1

I don't think there will be a problem in this.

I do not understand exactly why you can only send signals every 0.010 s.

The board runs at 16 MHz, that's 16 million cycles per second, however, every 'instruction' normally takes many cycles (let along parsed C/Arduino language).

What you can do is to copy the read information into an array and use it later.

Keep in mind that the serial buffer is 64 bytes. If more is read, data will be overwritten. However, if you copy the buffer into your own (larger) buffer it might help. Also you can change the 64 bytes (it's somewhere in the Serial library).

The buffer works (afaik) with a sort of circular buffer, meaning it can store 64 bytes maximum 'unprocessed' bytes. So you don't have to wait until the buffer is full before processing (actually, this is not even the best method). You can process it as long as there are bytes available.

The pseudo code can be as follows:

lastSignalSent = millis(); // last time signals sent

void loop()
{
    while serial bytes available
    {
        process bytes
    }

    if (millis() - lastSignalSent > 10) // More than 10 ms ago
    {
        Send signals
         lastSignalSent = millis();
    }
}

This assumes the serial byte processing can be done faster than they arrive, but if not, you run into problems anyway, since the serial buffer (of only 64 bytes) will be full too fast.

  • Are these edits common? Mathworks provides no interface to make these edits by default with their standard library blocks, but I believe that it would be worth asking for if the changes were simple and unlocked faster and/or larger communication. – kando May 30 '17 at 19:04
  • This mentions increasing the serial rate to beyond 115,200 [Hz]. But it seems to require non-standard libraries, etcetera and references not a library specifically for faster transmission - rather, it mention a library intended for use with DMX (lighting) communication. – kando May 30 '17 at 19:08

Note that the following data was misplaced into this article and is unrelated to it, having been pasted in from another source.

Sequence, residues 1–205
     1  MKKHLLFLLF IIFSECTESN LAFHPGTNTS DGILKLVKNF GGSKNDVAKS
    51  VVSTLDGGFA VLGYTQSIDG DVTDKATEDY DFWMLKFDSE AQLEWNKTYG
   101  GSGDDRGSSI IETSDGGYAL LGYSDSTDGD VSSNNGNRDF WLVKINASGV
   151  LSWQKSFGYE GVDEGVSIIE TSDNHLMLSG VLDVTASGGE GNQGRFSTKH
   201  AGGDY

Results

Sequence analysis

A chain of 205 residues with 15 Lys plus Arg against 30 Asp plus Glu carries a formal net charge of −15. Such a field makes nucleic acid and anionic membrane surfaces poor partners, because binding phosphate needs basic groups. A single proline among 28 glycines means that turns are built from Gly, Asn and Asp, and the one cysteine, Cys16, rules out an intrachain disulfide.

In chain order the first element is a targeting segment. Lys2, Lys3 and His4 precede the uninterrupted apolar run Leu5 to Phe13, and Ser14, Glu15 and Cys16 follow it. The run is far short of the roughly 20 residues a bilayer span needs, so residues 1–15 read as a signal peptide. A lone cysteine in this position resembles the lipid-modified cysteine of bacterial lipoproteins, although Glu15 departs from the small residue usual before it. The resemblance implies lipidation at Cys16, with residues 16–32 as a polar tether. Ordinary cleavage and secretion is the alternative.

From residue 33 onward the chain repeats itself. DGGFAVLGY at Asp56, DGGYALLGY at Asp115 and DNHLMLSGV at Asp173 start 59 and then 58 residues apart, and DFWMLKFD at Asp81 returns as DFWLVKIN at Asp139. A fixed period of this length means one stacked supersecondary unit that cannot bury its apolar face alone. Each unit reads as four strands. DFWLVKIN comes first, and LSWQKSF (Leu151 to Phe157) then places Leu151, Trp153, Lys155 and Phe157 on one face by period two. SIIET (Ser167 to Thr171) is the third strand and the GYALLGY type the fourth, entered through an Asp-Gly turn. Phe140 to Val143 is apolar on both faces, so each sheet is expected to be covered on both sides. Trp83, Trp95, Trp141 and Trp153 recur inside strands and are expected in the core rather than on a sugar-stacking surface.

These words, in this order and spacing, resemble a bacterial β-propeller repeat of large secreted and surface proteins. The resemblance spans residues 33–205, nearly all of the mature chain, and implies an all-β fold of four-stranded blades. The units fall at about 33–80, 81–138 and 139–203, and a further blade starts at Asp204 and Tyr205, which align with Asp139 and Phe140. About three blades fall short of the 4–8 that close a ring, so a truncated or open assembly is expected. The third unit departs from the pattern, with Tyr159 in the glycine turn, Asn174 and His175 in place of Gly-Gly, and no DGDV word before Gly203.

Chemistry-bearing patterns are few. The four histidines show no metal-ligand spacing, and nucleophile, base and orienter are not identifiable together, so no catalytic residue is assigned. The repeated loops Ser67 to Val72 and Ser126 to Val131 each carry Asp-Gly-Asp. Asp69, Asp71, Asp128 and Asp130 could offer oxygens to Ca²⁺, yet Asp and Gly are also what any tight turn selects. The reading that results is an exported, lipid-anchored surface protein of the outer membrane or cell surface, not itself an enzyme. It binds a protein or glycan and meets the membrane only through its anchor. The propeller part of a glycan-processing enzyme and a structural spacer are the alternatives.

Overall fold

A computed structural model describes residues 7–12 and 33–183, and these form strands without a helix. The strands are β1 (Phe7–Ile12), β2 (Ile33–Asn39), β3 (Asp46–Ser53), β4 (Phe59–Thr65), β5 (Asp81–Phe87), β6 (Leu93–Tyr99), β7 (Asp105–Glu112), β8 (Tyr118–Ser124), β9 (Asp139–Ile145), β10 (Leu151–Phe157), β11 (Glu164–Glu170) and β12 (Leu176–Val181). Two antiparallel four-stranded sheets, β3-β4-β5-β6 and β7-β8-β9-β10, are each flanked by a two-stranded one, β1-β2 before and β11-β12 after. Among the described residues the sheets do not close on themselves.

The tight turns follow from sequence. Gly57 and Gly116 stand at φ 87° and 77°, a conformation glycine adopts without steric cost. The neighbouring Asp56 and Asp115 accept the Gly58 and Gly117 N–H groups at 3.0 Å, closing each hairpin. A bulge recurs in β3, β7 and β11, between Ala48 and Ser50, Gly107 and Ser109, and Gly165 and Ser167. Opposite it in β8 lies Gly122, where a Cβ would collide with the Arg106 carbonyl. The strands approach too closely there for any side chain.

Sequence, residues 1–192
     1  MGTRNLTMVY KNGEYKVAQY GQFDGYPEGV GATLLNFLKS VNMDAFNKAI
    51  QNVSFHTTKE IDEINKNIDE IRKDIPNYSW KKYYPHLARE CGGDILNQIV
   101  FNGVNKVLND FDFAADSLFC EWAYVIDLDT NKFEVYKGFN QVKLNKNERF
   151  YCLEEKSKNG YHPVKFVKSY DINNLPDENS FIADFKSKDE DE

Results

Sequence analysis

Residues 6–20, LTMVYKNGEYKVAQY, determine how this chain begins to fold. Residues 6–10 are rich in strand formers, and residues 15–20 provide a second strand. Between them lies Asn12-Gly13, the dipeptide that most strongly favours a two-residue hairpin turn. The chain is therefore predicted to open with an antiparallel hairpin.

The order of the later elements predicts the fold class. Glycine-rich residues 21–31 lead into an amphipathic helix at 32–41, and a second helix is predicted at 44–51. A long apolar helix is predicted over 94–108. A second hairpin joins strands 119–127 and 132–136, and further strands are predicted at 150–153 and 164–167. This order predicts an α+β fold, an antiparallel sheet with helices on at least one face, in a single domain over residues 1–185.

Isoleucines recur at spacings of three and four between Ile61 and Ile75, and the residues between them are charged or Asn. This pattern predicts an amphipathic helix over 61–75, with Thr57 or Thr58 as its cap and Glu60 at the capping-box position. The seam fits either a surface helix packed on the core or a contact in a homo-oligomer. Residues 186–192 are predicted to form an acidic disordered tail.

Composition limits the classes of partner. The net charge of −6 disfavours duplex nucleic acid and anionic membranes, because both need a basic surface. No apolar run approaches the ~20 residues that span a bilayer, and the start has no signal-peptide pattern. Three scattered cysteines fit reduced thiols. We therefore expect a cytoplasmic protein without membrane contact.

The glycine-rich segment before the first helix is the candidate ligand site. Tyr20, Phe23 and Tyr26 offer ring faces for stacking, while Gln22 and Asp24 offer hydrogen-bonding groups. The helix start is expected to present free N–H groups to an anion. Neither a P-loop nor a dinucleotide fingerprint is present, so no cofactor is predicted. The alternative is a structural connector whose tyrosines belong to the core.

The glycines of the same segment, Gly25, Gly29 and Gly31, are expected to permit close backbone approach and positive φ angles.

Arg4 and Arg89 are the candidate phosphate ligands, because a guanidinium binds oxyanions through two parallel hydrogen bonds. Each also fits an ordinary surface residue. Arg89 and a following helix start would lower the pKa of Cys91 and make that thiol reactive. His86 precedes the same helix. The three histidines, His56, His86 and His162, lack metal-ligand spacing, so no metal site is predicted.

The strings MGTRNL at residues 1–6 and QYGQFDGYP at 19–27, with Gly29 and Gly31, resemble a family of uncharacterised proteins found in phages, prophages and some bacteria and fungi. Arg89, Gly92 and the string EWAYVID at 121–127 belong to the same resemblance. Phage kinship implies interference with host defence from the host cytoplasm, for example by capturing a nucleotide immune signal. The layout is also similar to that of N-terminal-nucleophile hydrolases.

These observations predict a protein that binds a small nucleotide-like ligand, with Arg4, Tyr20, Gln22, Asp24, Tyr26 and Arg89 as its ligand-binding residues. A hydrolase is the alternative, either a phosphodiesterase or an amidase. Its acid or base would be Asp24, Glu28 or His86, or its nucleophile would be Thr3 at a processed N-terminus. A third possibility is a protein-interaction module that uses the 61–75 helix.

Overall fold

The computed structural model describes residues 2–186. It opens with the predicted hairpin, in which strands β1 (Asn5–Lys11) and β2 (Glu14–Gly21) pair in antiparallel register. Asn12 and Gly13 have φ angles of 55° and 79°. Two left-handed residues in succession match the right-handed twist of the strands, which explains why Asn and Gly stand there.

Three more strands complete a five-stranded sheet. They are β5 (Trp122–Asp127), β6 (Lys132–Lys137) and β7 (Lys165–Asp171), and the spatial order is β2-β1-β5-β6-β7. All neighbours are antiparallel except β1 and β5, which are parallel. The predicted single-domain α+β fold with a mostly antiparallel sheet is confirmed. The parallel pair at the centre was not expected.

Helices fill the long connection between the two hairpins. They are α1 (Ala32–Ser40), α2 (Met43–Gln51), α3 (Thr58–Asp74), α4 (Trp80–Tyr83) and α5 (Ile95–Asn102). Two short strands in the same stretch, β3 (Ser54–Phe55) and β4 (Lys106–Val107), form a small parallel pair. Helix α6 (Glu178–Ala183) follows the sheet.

• I thought the max speed for serial is 115.2KHz, but DMX is 250KHz; maybe it uses a specific way of using the UART (or not an UART at all). There are many other ways to communicate (like SPI, I2C). – Michel Keijzers May 30 '17 at 20:16
  • About edits of common libraries, it's not common, but sometimes it is needed. It would be nicer if it was something that could be passed as argument. This edit is not inside Mathworks, it's in the Serial library (and unrelated to Mathworks). For Mathworks/matlab probably another forum is best to ask for details. – Michel Keijzers May 30 '17 at 20:17
  • I tested some things. I assumed that if I waited, that the old data was immediately overwritten by new data if I did not grab it. Instead, the data just builds up in the buffer until I read it. @EdgarBonet was correct in that I'll need to decimate it before it hits the Serial Transmit block. – kando May 30 '17 at 22:58